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5-year-old girl dies of rabies

Sadiya was attacked by rabid dog on March 25; treated at PGI and discharged after about a week.

By: Express News Service | Chandigarh |
April 16, 2015 6:04:36 am
Sadiya with her mother (right) and Mayor Poonam Sharma in PGI on Wednesday. Sadiya with her mother (right) and Mayor Poonam Sharma in PGI on Wednesday.

Five-year-old Sadiya, who was brutally attacked by a rabid dog in Manimajra on March 25, died of rabies on Wednesday night.

Earlier in the day, her organs started failing, she found it difficult to breathe and was writhing in pain in the paediatric emergency of the PGI where she was admitted on Wednesday morning.

One of the doctors treating her said, “The child has rabies and her condition is very critical. There is nothing much we can do.”

Mayor Poonam Sharma, who was at the emergency all day to help Sadiya’s family, said, “Doctors are trying to convince the family to take her home, as there is no treatment available.”

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The dog had torn Sadiya’s face and lips and she was rushed to the PGI. She was given the anti-rabies treatment and discharged from the hospital after about a week. After her condition deteriorated on Wednesday morning, she was again brought to the PGI.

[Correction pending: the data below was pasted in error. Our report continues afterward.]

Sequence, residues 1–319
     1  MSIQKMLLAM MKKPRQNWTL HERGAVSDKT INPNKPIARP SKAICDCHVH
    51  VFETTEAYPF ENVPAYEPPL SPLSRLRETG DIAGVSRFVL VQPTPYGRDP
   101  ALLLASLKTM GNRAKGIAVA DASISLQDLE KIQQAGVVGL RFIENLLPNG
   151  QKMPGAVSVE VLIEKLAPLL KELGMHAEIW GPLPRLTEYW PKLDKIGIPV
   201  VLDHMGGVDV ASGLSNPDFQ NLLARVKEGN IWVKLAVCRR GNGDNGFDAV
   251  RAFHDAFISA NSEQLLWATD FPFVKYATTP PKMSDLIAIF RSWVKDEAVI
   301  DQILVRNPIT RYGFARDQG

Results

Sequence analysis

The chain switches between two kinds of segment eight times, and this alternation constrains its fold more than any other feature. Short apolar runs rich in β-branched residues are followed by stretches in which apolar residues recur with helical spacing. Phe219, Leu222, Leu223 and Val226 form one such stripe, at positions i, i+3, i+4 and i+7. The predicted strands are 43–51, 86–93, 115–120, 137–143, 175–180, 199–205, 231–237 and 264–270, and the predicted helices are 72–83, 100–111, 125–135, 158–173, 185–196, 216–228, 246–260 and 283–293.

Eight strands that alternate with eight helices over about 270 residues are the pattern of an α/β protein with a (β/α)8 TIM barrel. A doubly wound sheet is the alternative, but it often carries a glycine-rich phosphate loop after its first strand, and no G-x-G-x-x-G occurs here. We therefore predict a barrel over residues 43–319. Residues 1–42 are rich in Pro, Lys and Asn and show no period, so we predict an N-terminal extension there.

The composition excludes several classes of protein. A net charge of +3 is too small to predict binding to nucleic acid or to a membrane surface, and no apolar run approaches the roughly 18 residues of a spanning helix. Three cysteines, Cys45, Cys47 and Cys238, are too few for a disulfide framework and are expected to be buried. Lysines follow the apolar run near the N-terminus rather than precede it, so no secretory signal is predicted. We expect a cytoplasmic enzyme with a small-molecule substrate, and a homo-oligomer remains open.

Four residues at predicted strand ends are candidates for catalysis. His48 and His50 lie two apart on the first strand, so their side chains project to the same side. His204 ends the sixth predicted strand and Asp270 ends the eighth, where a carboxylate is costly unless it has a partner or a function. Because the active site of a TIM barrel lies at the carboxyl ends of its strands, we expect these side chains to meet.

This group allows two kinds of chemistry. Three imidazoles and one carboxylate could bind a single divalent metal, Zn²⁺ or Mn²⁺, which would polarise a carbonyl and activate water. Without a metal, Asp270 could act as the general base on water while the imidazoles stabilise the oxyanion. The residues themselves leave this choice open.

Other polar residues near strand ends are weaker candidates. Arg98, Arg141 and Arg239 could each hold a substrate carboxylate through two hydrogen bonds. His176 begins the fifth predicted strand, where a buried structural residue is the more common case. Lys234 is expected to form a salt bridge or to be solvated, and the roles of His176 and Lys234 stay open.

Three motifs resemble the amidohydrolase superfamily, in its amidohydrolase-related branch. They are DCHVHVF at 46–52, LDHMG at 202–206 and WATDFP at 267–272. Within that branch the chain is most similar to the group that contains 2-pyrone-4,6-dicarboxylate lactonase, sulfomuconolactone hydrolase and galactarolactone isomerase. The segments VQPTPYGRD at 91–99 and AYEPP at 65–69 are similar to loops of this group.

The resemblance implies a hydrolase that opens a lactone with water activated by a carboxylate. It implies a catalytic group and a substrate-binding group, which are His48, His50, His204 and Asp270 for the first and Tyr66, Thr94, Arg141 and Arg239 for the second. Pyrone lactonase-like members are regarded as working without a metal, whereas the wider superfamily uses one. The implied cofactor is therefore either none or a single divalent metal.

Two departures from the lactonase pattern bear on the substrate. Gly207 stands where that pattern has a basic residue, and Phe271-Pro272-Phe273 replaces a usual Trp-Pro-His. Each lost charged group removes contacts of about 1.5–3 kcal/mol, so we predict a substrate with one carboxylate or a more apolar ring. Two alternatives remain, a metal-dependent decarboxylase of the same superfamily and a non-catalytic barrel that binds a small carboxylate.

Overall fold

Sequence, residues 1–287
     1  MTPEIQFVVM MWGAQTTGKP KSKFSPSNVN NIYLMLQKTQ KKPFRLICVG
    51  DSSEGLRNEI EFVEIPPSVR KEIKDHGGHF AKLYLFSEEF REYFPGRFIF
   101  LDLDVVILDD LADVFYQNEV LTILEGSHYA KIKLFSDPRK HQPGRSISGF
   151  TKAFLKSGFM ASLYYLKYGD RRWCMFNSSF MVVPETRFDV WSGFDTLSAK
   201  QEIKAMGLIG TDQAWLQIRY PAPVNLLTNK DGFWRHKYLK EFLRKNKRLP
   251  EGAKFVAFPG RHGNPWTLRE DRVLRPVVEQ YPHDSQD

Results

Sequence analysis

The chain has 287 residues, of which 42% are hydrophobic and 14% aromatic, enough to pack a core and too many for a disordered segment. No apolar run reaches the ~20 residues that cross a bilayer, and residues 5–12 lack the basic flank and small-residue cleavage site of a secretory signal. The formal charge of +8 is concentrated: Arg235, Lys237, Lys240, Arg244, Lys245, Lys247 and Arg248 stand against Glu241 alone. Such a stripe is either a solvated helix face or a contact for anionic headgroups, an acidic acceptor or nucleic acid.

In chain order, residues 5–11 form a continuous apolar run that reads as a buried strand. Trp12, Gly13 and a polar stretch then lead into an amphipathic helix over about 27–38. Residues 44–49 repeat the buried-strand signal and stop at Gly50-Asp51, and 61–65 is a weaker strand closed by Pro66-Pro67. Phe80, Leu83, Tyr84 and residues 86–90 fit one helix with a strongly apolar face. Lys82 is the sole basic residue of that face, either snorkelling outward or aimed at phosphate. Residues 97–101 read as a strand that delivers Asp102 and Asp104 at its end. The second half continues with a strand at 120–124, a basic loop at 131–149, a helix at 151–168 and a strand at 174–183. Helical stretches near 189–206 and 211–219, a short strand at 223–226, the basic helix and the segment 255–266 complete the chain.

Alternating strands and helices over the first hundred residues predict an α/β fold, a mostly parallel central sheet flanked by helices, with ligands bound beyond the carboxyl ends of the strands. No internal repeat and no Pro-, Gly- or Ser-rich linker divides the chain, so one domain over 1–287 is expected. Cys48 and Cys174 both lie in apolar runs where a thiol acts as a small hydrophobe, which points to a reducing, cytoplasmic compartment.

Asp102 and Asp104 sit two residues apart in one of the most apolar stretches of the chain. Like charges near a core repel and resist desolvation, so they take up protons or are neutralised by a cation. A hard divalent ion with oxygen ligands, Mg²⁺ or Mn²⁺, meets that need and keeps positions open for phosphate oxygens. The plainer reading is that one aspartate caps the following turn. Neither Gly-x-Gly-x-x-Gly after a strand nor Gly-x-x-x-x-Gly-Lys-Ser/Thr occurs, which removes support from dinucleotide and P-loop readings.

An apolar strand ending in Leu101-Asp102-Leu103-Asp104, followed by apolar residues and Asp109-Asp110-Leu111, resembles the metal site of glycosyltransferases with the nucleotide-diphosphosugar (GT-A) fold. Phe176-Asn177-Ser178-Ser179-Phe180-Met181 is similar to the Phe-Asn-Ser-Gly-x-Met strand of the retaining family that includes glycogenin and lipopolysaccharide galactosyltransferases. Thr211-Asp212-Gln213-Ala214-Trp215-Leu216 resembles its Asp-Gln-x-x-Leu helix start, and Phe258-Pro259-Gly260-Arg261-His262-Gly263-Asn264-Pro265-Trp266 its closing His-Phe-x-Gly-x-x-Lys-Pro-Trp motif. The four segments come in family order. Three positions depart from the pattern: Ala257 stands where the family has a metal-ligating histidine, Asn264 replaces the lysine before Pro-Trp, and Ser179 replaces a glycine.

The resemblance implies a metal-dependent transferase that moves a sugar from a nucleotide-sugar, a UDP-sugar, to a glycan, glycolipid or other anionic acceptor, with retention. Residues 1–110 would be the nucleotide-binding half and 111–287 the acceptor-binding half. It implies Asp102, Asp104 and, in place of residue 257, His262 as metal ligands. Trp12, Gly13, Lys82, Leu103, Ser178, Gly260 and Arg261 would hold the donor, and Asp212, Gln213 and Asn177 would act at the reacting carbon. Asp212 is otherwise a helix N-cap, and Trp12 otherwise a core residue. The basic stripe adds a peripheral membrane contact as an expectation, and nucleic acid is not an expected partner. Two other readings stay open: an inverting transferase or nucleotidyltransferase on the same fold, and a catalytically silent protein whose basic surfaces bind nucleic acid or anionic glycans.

Sitting outside the emergency, Sadiya’s mother Imrana prayed for her daughter.

Talking to Newsline, she said, “There was improvement in Sadiya’s health after she was discharged from the hospital. She used to play, watch television and eat food on her own, although she complained of weakness.”

“Two days back, she developed fever and I took her to the local civil dispensary. Her condition deteriorated this morning, she started frothing at the mouth and nose. I immediately rushed her to the Civil Hospital in Manimajra, from where she was referred to PGI,” said the mother.

As part of her anti-rabies treatment, Sadiya had been given tetanus injection, immunoglobulin serum, and the anti-rabies vaccine of which only the last dose was left to be given.

Asked why she got the disease in spite of the treatment, an expert explained, “Dog-bite injuries on the hand and the face can be deadly. In these, the rabies virus travels through nerves to the brain very quickly. Anti-rabies treatment should be given immediately in such cases.”

In Sadiya’s case, immunoglobulin serum was given about 12 hours after the dog-bite. The serum contains antibodies which protect the body for three or four weeks until the anti-rabies vaccine starts making its own antibodies.

The delay was because the Manimajra dispensary where the child was rushed after the dog-bite did not refer her to the anti-rabies clinic in Sector 19, but to the PGI where the doctors did not guide the family from where they could get the serum, nor did they tell the family members that they should go to the anti-rabies clinic.

The expert said, “The correct dose and the quality of serum also matter. Was the girl given the correct dose? Twenty units of the human serum, or 40 units of the equine serum, per kilogram of the body weight is the right dose.”

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